Readers' editor watch. In August 2010 Herald Sun editor-in-chief Phil Gardner announced his paper would appoint a readers' ombudsman -- someone to critique the paper's coverage and act as a liaison with the public. Last August he said it was "definitely still happening". Yesterday he told Crikey his plans haven't changed. But the fact remains: two years on, there is still no sign of a readers' ombudsman at the high-selling tabloid. It’s the same story at broadsheet rival The Age, where staff were promised a readers' editor in May 2011. It seems that -- in these times of job cuts, declining circulation and falling advertising revenue -- readers' editors are a luxury the papers can’t afford. The comforting news for Melbourne newspaper nuts is they don’t seem to be missing out on much. Media Watch host Jonathan Holmes spoke for many Sydney Morning Herald devotees earlier this year when he accused SMH readers' editor Judy Prisk of lacking the mongrel to criticise her own paper. As for The West Australian, it appointed a readers' editor in April following its much-criticised decision to leave the Australian Press Council. The West's Jenni Garrigan handles complaints but, unlike most readers’ editors, doesn’t write a regular column analysing her paper’s reportage. -- Matthew Knott The EPL's £5 billion TV deal. If we thought last year's AFL TV contract at $1.253 billion was a huge deal, then the new broadcast contract for the English Premier League (EPL) will astound you: upwards of £5 billion, or more than $A7.5 billion. The basic three-year package of its domestic broadcast rights were sold to the incumbent, BSkyB (controlled by Rupert Murdoch's News Corp) and newcomer, telco BT Group (which ousted pay TV group ESPN) for £3.018 billion  or $A4.708 billion. The value of the deal, which starts next year, is 70% or £1.254 billion ($A1.956 billion) more than the Premier League’s existing television contract. BSkyB will pay £760 million ($A1.118 billion) for 116 games a year, while BT’s share will be £246 million or $A384 million for 32 games a year, including 18 of the 38 first choice games. The BBC will pay £180 million ($A281 million) for "match of the day" highlights. Once internet rights and overseas sales, which brought in £1.4 billion (more than $A2.1 billion) under the current deals, are taken into account, the total will top £5 billion over three years. This trend to large price increases in sports rights deals is being driven by media fragmentation and the need for advertisers and marketers for big audiences, only available on old-fashioned media such as pay or free-to-air TV. The Australian contract for the AFL was a $A370 million, or 40% plus increase on the old contract, which ended in 2011. It's also been seen in recent deals in the US where the National Football League boosted its annual TV income to $US3.1 billion from $US1.9 billion, starting 2014, with a group of American broadcasters, while the National Hockey League last year secured a 10-year, $US2 billion deal with NBC Universal. -- Glenn Dyer Front page of the day. The Independent today leads with a heady Rupert Murdoch mix of the latest Leveson inquiry testimony and BSkyB's £5 billion purchase of the lucrative English Premier League TV rights:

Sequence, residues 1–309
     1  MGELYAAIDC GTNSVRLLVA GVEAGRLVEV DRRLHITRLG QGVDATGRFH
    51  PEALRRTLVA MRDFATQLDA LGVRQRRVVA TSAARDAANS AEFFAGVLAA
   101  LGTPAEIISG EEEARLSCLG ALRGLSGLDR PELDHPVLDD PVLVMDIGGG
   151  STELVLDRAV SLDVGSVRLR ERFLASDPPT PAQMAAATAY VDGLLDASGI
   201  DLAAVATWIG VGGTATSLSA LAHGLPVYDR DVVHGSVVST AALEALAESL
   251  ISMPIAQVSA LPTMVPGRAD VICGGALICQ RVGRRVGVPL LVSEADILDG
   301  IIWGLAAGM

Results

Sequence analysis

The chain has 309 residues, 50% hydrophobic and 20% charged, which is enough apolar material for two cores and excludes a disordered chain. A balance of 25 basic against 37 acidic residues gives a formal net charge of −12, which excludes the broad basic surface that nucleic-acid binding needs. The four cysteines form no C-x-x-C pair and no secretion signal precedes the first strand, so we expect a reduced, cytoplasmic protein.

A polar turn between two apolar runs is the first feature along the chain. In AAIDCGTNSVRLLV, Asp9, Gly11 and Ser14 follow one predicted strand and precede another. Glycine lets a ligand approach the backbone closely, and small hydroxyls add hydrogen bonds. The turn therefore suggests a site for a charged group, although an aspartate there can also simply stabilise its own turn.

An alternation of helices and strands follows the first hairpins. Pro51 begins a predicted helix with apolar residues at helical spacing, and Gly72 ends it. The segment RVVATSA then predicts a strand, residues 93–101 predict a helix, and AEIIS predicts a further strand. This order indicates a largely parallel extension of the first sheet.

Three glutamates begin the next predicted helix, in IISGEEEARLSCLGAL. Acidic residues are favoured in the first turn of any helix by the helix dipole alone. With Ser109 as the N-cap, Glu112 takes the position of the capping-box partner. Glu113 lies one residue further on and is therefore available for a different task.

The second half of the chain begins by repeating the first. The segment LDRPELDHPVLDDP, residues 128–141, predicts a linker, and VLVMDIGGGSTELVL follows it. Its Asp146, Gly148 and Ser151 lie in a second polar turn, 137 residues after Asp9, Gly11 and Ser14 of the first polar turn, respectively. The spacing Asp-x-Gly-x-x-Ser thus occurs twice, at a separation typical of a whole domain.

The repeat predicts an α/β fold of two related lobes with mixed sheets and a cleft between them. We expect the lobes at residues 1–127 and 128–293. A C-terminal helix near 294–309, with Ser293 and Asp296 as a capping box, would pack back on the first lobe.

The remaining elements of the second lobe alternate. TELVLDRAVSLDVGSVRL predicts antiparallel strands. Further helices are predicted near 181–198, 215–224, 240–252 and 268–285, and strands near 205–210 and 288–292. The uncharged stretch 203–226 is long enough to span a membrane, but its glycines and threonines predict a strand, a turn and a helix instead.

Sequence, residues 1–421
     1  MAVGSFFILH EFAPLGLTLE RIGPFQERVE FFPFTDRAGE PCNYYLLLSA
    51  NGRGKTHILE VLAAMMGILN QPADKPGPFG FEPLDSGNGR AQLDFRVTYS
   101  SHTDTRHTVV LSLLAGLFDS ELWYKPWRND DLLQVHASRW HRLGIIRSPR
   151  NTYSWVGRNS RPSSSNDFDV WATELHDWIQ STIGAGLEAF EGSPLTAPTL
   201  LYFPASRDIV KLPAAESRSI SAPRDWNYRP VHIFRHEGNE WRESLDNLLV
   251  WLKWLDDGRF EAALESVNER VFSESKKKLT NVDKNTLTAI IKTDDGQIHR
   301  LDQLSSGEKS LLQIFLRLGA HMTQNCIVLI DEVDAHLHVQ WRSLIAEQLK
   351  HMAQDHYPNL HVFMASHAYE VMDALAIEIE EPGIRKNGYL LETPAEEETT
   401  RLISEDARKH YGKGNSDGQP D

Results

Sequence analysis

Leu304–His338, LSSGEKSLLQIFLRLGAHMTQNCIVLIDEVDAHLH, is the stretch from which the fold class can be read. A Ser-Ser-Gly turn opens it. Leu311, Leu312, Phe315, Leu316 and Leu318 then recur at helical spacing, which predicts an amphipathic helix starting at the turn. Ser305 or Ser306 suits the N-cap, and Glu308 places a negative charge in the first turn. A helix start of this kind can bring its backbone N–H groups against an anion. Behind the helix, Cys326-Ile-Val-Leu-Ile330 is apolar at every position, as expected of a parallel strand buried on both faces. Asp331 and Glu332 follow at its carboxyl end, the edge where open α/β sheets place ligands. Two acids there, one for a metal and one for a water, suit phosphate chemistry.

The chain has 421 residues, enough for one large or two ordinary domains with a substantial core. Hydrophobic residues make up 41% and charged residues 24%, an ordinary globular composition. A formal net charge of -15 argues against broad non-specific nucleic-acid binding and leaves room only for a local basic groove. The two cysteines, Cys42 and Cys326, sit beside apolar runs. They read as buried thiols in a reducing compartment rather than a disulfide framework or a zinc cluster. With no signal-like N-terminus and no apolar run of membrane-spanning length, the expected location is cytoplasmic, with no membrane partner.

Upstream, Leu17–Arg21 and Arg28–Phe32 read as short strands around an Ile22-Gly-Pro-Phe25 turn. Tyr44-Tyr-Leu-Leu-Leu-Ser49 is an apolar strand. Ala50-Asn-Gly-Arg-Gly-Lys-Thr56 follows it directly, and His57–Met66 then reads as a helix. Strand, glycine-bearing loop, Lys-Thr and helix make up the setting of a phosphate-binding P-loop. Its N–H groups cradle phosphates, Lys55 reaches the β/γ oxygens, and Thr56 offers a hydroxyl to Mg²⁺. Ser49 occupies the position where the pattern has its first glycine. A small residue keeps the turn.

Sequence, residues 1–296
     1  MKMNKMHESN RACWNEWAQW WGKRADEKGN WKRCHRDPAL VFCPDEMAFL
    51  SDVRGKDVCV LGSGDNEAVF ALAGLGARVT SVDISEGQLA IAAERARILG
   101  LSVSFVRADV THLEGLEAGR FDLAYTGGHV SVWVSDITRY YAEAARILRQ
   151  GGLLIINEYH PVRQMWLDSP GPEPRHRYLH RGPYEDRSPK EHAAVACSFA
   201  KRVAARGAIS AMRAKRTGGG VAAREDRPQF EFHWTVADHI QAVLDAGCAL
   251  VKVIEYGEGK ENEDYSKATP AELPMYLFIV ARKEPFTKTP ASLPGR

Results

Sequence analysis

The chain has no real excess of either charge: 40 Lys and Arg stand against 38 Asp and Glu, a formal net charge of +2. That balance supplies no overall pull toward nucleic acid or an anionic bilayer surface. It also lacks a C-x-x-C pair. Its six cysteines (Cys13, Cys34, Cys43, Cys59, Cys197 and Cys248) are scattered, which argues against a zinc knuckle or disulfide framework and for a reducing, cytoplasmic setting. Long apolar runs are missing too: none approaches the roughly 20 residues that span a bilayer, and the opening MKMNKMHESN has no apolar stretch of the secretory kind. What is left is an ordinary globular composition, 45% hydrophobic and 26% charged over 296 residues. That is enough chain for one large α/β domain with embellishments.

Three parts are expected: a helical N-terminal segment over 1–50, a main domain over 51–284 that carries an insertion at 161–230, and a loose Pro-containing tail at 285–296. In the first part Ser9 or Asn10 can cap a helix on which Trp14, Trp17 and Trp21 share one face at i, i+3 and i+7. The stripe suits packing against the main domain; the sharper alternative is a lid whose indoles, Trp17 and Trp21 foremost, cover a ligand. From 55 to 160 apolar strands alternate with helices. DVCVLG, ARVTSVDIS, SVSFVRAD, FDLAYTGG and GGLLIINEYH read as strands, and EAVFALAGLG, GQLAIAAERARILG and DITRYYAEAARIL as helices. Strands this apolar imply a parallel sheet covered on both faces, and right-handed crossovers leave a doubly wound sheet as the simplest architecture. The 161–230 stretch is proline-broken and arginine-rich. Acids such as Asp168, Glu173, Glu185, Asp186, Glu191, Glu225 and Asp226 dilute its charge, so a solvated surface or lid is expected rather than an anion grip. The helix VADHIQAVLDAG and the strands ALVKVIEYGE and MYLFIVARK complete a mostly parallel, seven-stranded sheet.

The Department of Corrections. You can forgive The Washington Post's much-vaunted obituary section for going with the s-xier giant -- as opposed to common -- squid: